Blurb gives individuals and groups the ability to create, publish and market professional quality photo books. Unlike offset printing, they can publish just one copy or thousands, bringing book publishing to the masses. The self-publishing and print-on-demand industry is starting to become a meaningful alternative to the older, slower, more traditional publishing model.
Blurb’s process is fairly simple, whereby users download the company’s BookSmart software, add their own photos, artwork and text, design the book according to their creative concepts and get the book printed for prices starting from $12.95 for the most basic softcover. The site offers users several suggestions and answers common design and layout queries in their FAQ section. The company also offers a ‘Set Your Price’ program, where users are allowed to create and sell books for profit through the Blurb Bookstore. Users can keep 100% of the profit they make through the sale of their books.
Blurb was founded in 2004 by Eileen Gittins, President and CEO. She previously was with Kodak, Wall Data, was CEO of Personify and Verb, before starting Blurb. The company is headquartered in San Francisco and had expanded into the European market in 2007, setting up a printing, binding and shipping location in the Netherlands. Today international sales account for 20% of Blurb’s revenues.
In May 2005, Blurb raised $2.05 in Series A funding from Canaan Partners and Anthem Venture Partners. In August 2006, Blurb received its Series B round of $12 million from existing investors and other participants. Its total financing to date is $16.55 million, including a $2.5 million debt from Hercules Technology Growth Capital, as reported on CrunchBase.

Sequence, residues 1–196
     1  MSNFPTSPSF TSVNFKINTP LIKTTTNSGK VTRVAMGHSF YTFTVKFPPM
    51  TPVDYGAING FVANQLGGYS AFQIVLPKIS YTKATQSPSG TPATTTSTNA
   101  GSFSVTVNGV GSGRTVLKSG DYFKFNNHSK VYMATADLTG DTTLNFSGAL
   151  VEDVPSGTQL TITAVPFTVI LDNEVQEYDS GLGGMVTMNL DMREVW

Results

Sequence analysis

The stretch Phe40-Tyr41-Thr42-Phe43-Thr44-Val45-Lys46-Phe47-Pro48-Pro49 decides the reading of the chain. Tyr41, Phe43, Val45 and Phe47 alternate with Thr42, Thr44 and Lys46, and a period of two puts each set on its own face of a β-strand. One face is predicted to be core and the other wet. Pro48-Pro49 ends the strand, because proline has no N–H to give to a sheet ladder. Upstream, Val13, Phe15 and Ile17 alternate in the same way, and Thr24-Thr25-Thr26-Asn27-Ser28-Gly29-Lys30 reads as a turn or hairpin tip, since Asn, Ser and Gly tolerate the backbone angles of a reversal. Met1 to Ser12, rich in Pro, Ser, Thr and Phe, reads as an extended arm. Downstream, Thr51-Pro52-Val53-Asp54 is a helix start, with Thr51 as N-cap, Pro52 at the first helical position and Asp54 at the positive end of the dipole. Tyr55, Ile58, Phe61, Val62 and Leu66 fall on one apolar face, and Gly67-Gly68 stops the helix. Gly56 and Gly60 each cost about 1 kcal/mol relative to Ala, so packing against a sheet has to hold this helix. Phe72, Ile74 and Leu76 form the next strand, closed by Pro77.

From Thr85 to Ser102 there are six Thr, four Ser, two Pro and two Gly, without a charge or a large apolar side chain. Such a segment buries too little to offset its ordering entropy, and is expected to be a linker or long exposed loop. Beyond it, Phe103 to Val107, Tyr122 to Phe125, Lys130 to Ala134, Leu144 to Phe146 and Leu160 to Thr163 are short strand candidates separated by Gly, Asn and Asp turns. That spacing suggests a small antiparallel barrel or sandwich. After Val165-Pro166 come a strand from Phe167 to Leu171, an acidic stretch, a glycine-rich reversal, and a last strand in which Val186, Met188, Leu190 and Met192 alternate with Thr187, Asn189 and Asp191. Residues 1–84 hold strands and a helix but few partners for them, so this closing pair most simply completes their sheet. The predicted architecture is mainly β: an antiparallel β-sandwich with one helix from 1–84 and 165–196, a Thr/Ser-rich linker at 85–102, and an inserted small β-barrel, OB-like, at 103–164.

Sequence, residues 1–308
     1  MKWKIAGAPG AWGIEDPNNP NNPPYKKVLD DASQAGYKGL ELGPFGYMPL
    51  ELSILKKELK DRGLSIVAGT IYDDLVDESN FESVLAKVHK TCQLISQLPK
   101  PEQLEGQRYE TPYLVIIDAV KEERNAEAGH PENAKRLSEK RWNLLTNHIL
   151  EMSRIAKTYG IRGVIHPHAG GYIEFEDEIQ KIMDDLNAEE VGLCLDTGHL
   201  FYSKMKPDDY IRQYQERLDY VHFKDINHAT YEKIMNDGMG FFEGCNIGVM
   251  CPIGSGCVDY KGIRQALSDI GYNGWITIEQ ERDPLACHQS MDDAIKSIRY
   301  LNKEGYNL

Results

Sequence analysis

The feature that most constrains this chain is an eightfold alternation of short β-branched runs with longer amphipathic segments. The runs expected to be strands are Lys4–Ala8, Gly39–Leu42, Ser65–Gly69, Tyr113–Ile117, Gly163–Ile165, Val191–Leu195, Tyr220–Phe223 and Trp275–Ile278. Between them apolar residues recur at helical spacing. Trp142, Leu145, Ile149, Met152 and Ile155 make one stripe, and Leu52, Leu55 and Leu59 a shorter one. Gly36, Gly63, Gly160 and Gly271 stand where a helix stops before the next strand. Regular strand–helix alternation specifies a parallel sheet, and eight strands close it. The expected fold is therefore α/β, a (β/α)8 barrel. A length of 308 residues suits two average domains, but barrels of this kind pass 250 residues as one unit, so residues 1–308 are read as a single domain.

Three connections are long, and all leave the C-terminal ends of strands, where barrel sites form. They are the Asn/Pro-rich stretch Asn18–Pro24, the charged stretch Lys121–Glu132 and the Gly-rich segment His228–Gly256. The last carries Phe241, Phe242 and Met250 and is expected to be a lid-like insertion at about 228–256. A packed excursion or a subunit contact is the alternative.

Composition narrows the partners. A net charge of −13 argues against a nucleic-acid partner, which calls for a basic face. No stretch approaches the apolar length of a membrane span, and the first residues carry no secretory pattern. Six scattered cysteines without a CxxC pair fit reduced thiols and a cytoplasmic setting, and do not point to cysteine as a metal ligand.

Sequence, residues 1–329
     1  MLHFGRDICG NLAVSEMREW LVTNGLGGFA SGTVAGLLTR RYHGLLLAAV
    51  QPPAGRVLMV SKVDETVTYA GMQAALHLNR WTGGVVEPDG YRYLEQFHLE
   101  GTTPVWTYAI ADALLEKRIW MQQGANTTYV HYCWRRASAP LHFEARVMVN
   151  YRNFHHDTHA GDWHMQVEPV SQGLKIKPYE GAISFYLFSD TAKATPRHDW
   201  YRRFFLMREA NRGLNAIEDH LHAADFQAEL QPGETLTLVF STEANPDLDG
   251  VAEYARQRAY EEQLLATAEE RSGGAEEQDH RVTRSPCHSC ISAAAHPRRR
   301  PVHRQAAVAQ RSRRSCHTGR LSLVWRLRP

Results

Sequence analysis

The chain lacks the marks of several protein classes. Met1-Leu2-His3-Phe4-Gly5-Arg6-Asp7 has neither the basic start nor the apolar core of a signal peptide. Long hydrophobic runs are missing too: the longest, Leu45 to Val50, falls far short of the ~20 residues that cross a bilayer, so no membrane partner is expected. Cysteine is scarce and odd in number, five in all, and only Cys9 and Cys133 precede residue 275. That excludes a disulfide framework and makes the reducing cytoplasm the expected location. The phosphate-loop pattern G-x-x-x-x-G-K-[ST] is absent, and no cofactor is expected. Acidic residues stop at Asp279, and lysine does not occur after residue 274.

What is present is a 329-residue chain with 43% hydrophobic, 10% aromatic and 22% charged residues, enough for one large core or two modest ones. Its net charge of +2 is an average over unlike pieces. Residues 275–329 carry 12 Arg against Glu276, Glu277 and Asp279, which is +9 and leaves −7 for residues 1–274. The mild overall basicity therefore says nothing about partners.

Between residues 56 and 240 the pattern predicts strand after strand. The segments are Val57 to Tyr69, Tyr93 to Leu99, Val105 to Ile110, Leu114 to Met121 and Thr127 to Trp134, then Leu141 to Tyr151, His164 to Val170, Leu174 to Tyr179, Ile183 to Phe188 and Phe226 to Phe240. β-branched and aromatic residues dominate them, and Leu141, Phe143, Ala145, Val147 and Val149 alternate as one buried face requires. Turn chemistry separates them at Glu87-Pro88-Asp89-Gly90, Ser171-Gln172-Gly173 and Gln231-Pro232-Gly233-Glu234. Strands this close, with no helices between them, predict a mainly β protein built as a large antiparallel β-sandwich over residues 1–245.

In 2007, Blurb claims to have produced nearly 80,000 unique titles. As a result, the company doubled in size every three months last year and was selected by AlwaysOn as ‘OnMedia Top 100 Winner.’ In April this year, Blurb received the Webby Award for the “Best Services Website for 2008,” selected from among 10,000 entries. The Webby Awards have been hailed as the “Oscars of the Internet’ by The New York Times.
In an interview with Eileen Gittins last year, she mentioned Blurb’s expected revenue would be approximately $5-$10 million for 2007. She has declined to comment on the actual revenue number since then.
Blurb’s competitors Lulu and iUniverse concentrate more on creating books out of manuscripts. iPhoto on the other hand is similar in allowing users to create photo-oriented books. Picaboo is also a close competitor. Another formidable entrant into the print-on-demand market is Amazon, who got into the business by acquiring BookSurge. Finally, the company that has the most active photo books business at scale is Shutterfly. You can read my strategy discussion with CEO Jeff Housenbold to gain insights into the dynamics of their business.
The biggest weakness in the entire self-publishing industry is marketing. As long as you are publishing a book for limited distribution (friends and family, clients, blog readers), you can use self-publishing services like Blurb. But if you want to get access to broad distribution, you would either need to work with a regular publisher, or with Amazon, who does have access to the best online marketing channel in the world.
Meanwhile, Blurb remains a good niche business, and as the book publishing industry goes through its own process of disruption and re-organization, Blurb will find a home inside either one of the major publishers, or a retailer.
This segment is a part in the series : Deal Radar 2008